Blind Influence (Romantic Suspense)
by Linda Riesenberg Fisler On Sale Now HERE 40% Off
Successful, sexy attorney Nicole Charbonneau feels content with her life and career as a star at a powerful law firm in Washington, DC. She is blind, however, to the circumstances that will put her at the center of a web of deceit, murder, power plays and conspiracies. Across the ocean, British MI-6 Agent Sean Adkins is tracking a cold-blooded assassin known as the Serpent, who’s been hired to kill President Andrews. The Serpent cares only for the millions he’ll get, not why the powerful group of men wants Andrews killed.
The Serpent, a master of disguise, completes his job, but will it be his last? Sean will stop at nothing to get revenge, which includes setting a trap. Nicole, through her work and her connection with Robert Jenkins, a powerful young senator who happens to head the Intelligence Committee, pieces together who hired the assassin. Will the senator reveal to the public all he knows, or will revealing the identities of the powerful businessmen, politicians and government officials be too much for a country already in a fragile state?
Blind Influence, set in 1979 when the United States was on the brink of its second oil crisis, takes readers on a wild ride of political intrigue and personal discovery.
When Linda Riesenberg Fisler isn’t working on her next book she is painting in her studio or riding her Trek bicycle along the many bike trails of Ohio. The former Fortune 500 consumer products manager explores art through her worldwide Internet radio show, “Art Chats with Linda Fisler”. Linda has been creative since childhood, writing stories and scripts of movies and TV shows to entertain friends. She discovered oil painting in the 1990s and began trying to express words visually.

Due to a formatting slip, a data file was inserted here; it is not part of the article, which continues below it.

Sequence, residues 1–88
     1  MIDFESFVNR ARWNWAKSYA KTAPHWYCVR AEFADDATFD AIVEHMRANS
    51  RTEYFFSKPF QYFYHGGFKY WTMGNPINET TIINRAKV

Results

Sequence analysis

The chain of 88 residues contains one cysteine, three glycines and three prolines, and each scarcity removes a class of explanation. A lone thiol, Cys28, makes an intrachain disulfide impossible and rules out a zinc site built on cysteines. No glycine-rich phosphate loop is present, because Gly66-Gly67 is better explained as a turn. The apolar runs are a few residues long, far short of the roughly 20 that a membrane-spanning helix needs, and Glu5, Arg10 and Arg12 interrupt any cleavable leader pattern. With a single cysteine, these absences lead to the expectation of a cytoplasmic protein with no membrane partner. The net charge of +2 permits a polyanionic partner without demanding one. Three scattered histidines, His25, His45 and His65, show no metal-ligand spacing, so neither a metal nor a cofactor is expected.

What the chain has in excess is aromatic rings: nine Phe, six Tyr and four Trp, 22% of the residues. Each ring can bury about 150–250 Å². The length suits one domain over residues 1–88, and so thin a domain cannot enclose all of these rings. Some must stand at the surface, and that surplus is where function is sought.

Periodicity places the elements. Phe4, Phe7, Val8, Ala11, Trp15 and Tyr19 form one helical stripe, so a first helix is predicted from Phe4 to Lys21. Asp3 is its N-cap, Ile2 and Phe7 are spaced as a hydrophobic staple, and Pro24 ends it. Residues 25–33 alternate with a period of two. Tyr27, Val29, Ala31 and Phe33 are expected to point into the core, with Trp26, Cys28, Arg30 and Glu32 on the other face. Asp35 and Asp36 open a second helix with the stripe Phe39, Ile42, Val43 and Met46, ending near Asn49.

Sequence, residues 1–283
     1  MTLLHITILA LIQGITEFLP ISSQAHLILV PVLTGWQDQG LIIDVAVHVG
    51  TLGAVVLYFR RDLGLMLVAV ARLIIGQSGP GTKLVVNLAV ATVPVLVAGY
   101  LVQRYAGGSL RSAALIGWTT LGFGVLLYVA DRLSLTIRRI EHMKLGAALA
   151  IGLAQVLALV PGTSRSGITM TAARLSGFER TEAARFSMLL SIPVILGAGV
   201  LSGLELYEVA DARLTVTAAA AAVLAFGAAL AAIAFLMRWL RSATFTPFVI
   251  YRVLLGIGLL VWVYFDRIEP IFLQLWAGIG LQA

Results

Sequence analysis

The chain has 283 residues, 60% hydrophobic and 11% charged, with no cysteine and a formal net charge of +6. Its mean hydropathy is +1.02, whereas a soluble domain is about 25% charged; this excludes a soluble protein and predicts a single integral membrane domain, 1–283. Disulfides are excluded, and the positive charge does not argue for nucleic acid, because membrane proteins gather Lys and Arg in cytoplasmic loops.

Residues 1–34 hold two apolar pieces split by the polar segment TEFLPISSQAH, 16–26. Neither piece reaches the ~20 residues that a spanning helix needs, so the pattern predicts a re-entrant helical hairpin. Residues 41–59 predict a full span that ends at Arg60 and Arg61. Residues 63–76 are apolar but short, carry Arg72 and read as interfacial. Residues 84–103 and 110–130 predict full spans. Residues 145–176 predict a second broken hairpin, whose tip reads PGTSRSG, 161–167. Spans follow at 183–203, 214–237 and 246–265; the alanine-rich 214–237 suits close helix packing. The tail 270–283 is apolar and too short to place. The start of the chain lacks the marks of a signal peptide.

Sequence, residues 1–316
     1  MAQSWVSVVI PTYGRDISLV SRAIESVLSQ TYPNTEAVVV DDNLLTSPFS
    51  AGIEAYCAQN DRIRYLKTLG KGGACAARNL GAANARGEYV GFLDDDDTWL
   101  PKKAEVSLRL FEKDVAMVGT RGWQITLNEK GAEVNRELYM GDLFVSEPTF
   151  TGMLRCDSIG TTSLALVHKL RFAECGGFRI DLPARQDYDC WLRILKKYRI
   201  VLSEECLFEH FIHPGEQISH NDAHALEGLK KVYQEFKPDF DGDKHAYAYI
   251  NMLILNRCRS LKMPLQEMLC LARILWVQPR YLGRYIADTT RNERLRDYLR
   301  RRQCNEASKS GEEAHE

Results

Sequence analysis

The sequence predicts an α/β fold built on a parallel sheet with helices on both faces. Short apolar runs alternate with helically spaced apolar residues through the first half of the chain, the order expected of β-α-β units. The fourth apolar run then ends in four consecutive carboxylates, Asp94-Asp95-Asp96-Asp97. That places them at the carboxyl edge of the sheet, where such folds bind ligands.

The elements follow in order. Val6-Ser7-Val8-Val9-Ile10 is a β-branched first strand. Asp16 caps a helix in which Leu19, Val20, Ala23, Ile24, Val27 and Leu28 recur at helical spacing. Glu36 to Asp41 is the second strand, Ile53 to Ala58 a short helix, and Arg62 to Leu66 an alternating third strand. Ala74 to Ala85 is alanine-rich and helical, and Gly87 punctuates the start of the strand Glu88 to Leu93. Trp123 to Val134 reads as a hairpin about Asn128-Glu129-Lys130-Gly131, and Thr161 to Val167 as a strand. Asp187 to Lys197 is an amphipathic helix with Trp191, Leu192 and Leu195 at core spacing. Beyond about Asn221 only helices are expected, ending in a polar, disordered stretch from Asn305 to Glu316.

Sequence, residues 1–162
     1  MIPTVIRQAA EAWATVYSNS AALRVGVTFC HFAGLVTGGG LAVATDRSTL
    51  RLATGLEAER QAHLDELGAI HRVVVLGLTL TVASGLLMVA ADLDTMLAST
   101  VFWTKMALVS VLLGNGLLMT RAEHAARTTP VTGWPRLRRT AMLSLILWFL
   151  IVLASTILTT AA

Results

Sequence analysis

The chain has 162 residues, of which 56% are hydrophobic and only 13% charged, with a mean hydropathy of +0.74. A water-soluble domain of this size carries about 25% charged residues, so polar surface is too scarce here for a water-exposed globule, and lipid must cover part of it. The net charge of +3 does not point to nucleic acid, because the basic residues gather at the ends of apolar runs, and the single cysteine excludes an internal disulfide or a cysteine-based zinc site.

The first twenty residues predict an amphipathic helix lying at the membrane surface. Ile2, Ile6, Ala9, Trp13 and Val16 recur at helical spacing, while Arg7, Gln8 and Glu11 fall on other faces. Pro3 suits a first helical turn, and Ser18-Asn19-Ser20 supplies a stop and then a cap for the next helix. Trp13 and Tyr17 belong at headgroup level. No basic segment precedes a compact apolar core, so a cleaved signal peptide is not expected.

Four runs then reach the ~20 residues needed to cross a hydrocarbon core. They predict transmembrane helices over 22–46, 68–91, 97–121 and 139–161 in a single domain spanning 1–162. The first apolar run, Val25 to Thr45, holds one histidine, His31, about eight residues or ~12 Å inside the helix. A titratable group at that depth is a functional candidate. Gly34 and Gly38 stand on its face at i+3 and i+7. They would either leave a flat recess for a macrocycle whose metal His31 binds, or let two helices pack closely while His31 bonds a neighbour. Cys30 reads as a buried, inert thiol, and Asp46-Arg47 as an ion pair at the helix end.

Writing Blind Influence helped Linda realize she had been blind to letting others run her life, so she began to transition to the more artistic life she has today. In addition to The Blind series of books, Linda has created a fantasy book based on her exploration of spirituality. She hopes readers will learn how to open their own eyes instead of blindly following the expectations of those around them.
Then it started. The siren was the first thing to warn him something was
wrong. The golden light turned dark. The bittersweet taste of adrenaline
began in his mouth, and he swallowed, trying to quell it. A red flashing
light accosted his eyes, and he could see himself running to his home—
their home. He ran into the house, unable to catch his breath. He tried to
wake himself from the nightmare. He didn’t want to live this again.
Who would you cast to play the Characters in Blind Influence?
If you are like me, when I read a book I end up casting an actor or actress in the part. So let’s do this too.
1. Who would you cast to play Nicole Charbonneau?
2. Who would you cast to play Sean Adkins?
3. Who would you cast to play Robert Jenkins?
4. Who would you cast to play the assassin—the Serpent?
5. Who would you cast to play Tony Shafer?
6. Who would you cast to play Carol Gartner?
7. Who would you cast to play Ahnah?
8. Who would you cast to play Jerome Bailey?
9. Who would you cast to play Kevin Thompson?
10. Who would you cast to play Norman Sipes?
Blind Influence Excerpt:
The alley was dark and littered with trash from the overflowing waste cans and with drunken, unconscious patrons of the saloon located at its end. The amber light, which seeped from the cracks in the door and boarded-up windows of the dilapidated building, provided enough light for passersby to avoid stepping on any undesirable objects. Noise from the saloon was muffled, but still audible, as it drifted down the alley to one of the many streets of Paris.
A man, whose face was still handsome though hiding the youth that had been beaten from him by the life he had chosen, prepared to tiptoe his way through the maze to the saloon door. His short dark hair blended with the misty night. The collar of his raincoat flipped up, its belt tightly securing the taut raincoat around his sinuous body to protect the clothes beneath it. He stood at the corner of the street and alley, surveying them both. Had he been followed? Who was waiting for him in that dark alley or in that raucous saloon? Did he have his gun loaded? He withdrew the firearm, a Beretta, checking it and his surroundings. It was now ready in case he needed it. He glanced up and down the main thoroughfare before sliding around the corner into the misty darkness of the alley, toward the amber light that betrayed the presence of some of the lowest life of Paris.